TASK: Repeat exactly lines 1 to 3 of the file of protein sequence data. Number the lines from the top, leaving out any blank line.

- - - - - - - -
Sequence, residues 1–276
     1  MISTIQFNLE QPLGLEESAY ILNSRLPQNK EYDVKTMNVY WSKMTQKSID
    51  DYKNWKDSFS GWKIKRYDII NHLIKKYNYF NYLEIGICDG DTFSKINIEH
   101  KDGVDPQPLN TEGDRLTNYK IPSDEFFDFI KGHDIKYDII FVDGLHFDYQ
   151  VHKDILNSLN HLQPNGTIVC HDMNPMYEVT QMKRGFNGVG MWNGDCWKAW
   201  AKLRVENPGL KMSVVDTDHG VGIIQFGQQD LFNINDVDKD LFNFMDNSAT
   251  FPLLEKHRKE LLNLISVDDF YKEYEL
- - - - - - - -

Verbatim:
Sequence, residues 1–276
     1  MISTIQFNLE QPLGLEESAY ILNSRLPQNK EYDVKTMNVY WSKMTQKSID
    51  DYKNWKDSFS GWKIKRYDII NHLIKKYNYF NYLEIGICDG DTFSKINIEH